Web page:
It then took us nearly another two and a half hours to get back to the start. Although there were lot of buses the queues were huge and standing around for hours was not really what you wanted. We arrived back in Newcastle at around 4.30 so it was a long day just to run 13.1 miles.

So, I guess the question I ask myself is, would I do it again? Probably yes, but would get the train and stay in the centre of Newcastle. I would be more prepared if I knew that it would take the whole day and of course Mark would not try and get to the finish! He would at least then see the start. We would probably take a couple more days off work and see more of the area because as I say it is a lovely place, just much colder than the South!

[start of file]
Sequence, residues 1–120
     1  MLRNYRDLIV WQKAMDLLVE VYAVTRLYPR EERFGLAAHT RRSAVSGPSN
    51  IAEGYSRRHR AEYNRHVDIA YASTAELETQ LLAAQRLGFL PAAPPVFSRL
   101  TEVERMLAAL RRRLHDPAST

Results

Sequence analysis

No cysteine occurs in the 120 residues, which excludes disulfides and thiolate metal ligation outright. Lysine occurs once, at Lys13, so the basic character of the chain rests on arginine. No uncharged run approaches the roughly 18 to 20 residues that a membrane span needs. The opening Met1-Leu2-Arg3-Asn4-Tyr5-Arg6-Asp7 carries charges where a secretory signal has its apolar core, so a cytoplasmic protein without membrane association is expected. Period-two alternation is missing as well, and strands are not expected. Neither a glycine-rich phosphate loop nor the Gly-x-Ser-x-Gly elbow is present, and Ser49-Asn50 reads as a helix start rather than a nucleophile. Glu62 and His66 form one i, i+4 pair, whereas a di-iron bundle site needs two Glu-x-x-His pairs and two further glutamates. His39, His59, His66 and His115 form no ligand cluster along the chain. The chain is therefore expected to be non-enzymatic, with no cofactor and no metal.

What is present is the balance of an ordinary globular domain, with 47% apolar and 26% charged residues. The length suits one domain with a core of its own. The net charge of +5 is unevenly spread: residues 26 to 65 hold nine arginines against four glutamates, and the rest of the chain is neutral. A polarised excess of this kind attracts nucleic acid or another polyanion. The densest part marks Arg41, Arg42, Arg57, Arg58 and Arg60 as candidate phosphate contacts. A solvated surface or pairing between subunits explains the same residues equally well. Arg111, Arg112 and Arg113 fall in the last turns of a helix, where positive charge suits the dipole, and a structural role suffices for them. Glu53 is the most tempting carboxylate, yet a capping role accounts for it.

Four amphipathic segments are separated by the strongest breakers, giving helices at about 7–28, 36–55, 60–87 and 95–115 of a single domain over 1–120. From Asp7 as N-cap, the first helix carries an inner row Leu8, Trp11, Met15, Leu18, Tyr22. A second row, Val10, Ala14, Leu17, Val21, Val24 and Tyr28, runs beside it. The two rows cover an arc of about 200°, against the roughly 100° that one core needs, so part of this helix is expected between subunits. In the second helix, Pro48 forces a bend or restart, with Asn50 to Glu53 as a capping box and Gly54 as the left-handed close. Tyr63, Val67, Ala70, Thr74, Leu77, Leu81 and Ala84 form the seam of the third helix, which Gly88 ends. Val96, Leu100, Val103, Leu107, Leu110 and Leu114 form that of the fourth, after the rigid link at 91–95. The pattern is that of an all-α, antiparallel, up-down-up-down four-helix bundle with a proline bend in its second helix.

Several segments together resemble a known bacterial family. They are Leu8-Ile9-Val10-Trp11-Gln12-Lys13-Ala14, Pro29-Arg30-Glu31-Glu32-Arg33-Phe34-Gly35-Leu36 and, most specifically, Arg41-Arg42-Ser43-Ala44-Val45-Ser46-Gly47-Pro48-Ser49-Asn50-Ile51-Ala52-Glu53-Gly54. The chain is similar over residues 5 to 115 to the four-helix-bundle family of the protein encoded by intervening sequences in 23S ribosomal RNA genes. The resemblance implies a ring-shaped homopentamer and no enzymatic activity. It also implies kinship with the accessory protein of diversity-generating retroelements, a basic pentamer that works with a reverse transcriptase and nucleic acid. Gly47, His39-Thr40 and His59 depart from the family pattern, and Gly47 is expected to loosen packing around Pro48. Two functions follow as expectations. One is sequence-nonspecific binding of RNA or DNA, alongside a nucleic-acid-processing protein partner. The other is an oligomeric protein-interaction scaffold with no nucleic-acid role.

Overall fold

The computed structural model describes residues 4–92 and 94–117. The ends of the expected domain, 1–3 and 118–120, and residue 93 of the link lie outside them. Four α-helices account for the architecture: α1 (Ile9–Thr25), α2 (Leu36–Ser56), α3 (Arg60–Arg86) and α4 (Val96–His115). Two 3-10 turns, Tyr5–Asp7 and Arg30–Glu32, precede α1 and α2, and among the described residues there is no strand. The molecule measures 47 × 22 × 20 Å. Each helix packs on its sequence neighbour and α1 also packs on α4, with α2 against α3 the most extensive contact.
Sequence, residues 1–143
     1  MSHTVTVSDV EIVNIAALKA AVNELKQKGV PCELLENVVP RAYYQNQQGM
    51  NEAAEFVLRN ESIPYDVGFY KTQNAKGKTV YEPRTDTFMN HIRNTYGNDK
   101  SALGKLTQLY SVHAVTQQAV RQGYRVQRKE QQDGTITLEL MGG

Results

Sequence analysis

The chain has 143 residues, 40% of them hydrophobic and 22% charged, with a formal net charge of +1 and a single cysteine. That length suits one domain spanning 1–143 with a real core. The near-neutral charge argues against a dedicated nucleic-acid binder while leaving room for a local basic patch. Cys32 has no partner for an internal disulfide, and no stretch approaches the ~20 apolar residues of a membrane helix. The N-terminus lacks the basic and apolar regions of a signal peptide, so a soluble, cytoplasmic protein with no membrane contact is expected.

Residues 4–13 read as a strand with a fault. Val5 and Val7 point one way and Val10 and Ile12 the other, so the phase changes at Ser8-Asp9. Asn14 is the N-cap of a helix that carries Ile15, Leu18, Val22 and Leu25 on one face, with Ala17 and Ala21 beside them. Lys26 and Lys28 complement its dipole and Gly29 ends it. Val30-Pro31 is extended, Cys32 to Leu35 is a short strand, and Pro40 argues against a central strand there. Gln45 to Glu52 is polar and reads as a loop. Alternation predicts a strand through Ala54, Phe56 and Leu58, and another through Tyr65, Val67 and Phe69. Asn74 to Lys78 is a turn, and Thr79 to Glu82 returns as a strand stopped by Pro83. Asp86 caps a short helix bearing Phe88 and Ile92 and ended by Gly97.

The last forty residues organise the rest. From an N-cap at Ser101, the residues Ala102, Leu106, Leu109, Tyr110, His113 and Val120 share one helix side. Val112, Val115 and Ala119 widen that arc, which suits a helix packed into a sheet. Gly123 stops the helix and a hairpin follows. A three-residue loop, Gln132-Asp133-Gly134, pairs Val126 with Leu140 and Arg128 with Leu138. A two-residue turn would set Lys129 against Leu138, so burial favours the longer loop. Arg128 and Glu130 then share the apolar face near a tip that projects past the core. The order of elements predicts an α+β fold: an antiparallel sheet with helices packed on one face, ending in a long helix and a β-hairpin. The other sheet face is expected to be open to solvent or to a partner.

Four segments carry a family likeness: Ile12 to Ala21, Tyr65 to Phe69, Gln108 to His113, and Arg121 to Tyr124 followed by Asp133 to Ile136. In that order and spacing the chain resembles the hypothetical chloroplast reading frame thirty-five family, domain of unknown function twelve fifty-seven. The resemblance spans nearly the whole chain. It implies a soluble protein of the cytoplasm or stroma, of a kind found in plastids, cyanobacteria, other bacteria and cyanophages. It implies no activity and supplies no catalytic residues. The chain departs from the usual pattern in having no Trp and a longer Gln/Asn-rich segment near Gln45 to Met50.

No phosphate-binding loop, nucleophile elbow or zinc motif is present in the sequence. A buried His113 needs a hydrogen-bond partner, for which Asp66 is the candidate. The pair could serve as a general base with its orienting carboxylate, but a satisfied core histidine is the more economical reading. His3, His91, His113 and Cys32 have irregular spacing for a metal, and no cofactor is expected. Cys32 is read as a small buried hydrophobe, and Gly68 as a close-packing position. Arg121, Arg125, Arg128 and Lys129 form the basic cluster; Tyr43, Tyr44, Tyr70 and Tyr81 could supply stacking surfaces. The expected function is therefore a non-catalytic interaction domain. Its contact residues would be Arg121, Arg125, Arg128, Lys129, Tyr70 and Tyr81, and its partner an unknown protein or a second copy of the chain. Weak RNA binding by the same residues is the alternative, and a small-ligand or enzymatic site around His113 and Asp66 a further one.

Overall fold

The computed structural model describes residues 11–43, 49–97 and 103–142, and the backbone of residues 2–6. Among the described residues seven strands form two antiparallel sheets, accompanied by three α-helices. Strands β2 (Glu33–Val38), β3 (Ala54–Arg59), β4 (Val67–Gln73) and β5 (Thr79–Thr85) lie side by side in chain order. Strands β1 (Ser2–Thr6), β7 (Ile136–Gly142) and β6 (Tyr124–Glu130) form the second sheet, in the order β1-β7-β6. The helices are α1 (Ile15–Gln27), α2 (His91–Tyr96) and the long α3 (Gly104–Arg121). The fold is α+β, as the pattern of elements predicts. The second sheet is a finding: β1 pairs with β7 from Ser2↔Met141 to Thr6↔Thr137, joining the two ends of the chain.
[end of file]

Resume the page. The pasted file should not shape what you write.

We stayed another night in our lovely B&B, tried another pub, roast dinner and some red wine for me! Again lovely pub and great people so definitely worth another visit … maybe next year!!

Julie Gosling